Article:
A new memoir by Rob Henderson captures the pain of family breakdown.
Brad Wilcox’s new book wagers that a marriage-skeptical culture can see the upshots of tying the knot.
Our sacralizing tendency assimilates every issue into a spiritualized conflict of visions that is ultimately not about policy but about identity.
David Brooks’ ‘How to Know a Person’ offers a granular approach to national unity.
Alexandra Hudson’s ‘The Soul of Civility’ distinguishes civility from mere politeness or niceness.
A review of Greg Lukianoff and Rikki Schlott’s ‘The Canceling of the American Mind.’
David Leonhardt’s ‘Ours Was the Shining Future’ downplays the promises and possibilities of life in America.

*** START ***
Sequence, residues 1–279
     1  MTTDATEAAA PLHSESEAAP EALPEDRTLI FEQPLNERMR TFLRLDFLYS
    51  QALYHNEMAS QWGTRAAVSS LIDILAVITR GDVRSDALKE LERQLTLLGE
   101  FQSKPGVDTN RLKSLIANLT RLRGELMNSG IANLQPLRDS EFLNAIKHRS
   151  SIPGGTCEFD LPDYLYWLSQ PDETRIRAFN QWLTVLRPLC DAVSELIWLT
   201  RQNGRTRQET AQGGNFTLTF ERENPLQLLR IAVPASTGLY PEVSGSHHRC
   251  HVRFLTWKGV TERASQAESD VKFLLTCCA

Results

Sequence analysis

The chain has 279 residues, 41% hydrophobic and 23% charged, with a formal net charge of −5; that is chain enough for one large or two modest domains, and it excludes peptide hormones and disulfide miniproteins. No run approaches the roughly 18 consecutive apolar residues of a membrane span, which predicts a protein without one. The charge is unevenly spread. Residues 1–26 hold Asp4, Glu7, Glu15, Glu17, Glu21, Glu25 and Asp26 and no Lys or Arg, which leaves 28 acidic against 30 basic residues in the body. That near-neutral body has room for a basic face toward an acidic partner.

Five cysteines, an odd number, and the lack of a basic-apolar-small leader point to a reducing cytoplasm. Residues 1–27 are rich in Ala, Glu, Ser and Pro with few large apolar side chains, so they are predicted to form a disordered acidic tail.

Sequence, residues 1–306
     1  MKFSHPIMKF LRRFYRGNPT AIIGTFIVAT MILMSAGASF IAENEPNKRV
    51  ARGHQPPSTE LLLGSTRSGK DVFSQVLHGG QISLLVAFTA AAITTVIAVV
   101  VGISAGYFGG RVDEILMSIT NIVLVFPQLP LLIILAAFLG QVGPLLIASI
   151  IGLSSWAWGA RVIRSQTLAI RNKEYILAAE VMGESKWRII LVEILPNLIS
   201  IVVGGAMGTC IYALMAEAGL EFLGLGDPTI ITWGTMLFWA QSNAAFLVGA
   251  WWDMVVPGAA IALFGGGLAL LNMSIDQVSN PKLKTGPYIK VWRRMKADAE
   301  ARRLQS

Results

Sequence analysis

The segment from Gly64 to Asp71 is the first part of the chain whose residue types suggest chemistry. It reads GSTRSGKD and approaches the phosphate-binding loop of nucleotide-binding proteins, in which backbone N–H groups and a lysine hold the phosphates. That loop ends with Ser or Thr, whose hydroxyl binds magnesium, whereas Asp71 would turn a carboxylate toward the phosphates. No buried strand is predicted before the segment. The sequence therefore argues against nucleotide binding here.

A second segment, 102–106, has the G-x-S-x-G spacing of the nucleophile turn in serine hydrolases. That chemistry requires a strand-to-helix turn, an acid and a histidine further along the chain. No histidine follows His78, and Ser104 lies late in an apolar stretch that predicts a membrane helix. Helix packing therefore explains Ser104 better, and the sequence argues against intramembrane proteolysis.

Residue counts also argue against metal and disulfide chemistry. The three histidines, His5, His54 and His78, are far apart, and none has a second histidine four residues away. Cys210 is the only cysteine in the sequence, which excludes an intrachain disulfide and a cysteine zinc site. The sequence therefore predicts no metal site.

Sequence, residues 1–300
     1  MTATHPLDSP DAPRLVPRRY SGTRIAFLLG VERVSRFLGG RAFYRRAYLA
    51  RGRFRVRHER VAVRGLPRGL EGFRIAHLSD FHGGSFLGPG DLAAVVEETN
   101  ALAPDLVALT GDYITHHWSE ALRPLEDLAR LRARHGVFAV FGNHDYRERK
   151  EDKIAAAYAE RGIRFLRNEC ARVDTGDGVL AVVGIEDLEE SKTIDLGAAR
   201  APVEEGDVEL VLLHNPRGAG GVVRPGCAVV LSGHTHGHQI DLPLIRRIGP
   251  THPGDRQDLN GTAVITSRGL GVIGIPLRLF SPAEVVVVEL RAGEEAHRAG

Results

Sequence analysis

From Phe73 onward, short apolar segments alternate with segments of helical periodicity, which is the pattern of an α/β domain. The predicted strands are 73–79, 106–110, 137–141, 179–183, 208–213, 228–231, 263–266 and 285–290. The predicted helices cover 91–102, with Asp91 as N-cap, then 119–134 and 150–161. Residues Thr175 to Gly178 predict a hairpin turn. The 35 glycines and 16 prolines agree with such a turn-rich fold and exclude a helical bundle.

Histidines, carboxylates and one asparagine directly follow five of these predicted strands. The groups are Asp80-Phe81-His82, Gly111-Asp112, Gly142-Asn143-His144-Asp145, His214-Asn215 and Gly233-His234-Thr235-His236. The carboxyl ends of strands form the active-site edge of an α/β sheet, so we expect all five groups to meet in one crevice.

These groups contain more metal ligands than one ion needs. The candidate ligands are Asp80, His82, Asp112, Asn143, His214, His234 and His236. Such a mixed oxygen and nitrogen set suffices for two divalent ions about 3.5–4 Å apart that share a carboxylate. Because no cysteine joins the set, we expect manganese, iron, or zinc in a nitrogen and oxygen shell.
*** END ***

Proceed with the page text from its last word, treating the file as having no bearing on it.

Cultural, legal, and economic changes have made it less central to daily life—and that’s a problem.
Robert Kaplan’s new book explores how the region has historically wobbled between order and chaos.
A review of Samuel Moyn’s ‘Liberalism Against Itself.’
Yascha Mounk’s new book explains how ‘wokeness’ hurts our culture, but omits how markets can help fight back.
Franklin Foer’s new book about Joe Biden reveals a president whose ambitions have exceeded his mandate.
Elizabeth Currid-Halkett’s ‘The Overlooked Americans’ rejects grim depictions of rural life.
Tara Isabella Burton’s new book ‘Self-Made’ surveys the grand, and sometimes ridiculous, history of how crafting identities shaped our modern world.
Masha Karp’s ‘George Orwell and Russia’ explores the country’s pathologies through the novelist’s eyes.
Cara Fitzpatrick’s ‘The Death of Public School’ overblows public education’s demise—and wrongly goes after school choice.